by Joe Fyfe
Art in America
David Row has spent over 20 years devising abstract paintings that seek to capture the tenor and grit of contemporary experience. In the early ’90s, Row worked with abutted rectangular canvases onto which he painted curved bands immersed in planes of scarred, variegated surfaces that seemed to spur a kind of centrifugal movement. His use of astringently pretty colors, such as acidic pink and lime green, pushed the paintings toward a kind of industrial picturesque. Later in the decade it became more common for him to juxtapose his painted fields within one continuous rectangular support. These pictures feature interlocking areas of photographic blurriness and dragged paint applied upon smeared ovals and ribbon-like marks.
The overall sensation Row’s work produces is of a speedy muscularity. His aggressive cropping is reminiscent of the rapid editing of MTV and action movies. Another painter of Row’s generation, David Salle, once said that his own paintings were over when the viewer turned away from them. Row’s paintings, by contrast, are always on. The viewer almost has to catch them as they roar by. Row’s most recent paintings still have some of this quality but they are less frenetic and more luminous. This appears to be the result of his acceptance of the unity of the rectangle; he no longer breaks up the picture into independent painted areas.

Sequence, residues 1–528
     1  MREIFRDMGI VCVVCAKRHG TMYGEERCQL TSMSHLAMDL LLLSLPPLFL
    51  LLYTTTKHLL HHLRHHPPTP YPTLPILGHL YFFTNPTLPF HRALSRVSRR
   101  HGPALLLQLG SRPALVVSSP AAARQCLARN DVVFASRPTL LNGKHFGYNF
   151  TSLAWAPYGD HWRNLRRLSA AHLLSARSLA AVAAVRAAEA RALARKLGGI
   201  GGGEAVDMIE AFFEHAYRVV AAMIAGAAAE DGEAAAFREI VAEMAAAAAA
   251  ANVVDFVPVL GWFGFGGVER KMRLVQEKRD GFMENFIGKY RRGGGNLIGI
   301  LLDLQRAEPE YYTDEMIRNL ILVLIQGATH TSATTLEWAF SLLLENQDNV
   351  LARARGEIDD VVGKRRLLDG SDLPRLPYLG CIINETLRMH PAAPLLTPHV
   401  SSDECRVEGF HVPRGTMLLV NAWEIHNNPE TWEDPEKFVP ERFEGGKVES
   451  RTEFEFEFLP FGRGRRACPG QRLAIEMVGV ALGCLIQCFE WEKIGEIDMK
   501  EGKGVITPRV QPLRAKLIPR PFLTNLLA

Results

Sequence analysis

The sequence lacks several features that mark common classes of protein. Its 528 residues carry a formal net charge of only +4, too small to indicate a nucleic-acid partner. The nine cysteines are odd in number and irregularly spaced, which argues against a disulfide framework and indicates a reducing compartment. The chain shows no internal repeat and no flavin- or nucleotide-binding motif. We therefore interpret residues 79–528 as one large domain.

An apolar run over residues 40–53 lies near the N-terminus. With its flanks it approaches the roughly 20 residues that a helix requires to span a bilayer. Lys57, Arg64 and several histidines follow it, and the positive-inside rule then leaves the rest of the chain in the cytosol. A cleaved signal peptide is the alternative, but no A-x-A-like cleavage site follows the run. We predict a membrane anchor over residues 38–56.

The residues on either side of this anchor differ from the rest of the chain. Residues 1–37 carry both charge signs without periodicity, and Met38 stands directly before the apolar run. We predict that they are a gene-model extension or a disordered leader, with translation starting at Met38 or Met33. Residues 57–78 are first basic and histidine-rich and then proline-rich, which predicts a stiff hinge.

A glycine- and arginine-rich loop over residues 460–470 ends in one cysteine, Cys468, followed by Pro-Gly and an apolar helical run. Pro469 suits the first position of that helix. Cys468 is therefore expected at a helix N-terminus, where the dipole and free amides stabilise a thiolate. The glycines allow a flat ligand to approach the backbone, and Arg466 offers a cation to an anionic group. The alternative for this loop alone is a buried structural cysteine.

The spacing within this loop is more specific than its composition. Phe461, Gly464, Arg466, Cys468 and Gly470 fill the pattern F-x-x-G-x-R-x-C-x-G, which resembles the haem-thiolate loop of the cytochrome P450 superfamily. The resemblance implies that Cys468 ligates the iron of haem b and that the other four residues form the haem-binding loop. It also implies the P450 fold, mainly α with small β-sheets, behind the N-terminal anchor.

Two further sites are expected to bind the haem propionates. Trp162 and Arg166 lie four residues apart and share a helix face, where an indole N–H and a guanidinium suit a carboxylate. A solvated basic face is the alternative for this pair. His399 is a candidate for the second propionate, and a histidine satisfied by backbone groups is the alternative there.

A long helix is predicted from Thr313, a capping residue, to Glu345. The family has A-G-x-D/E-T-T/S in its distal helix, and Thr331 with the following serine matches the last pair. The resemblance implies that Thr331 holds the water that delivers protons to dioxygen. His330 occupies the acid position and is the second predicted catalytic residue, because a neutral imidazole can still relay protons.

In the 72-by-108-inch Waves of Desire, for example, Row paints a slightly smaller, semi-opaque version of the rectangular support within the picture plane only once, by applying a tangerine-colored field with a wide, flat knife. Calligraphic turquoise loops, one step removed from graffiti, thread their way across the horizontal plane as they partially obscure a paler echo of themselves. This doubling rhymes with the doubling of the large plane behind the two sets of loopy marks. A kind of low-frequency visual buzz is introduced by a silk-screened dot pattern. Used in some but not all of the new paintings, this device seems to embed the stiff, elongated gestures in faux texture.
Underpainting is visible in all the paintings in the show, reminding us that Row’s main debt is to Cubism’s transparent planes. There are moments in many of the works where the color seems set out on the canvas simply to be bathed in light. Row’s previous scrapings, croppings and abutted canvases now seem discardable devices on potential the way to what are his first genuinely open paintings.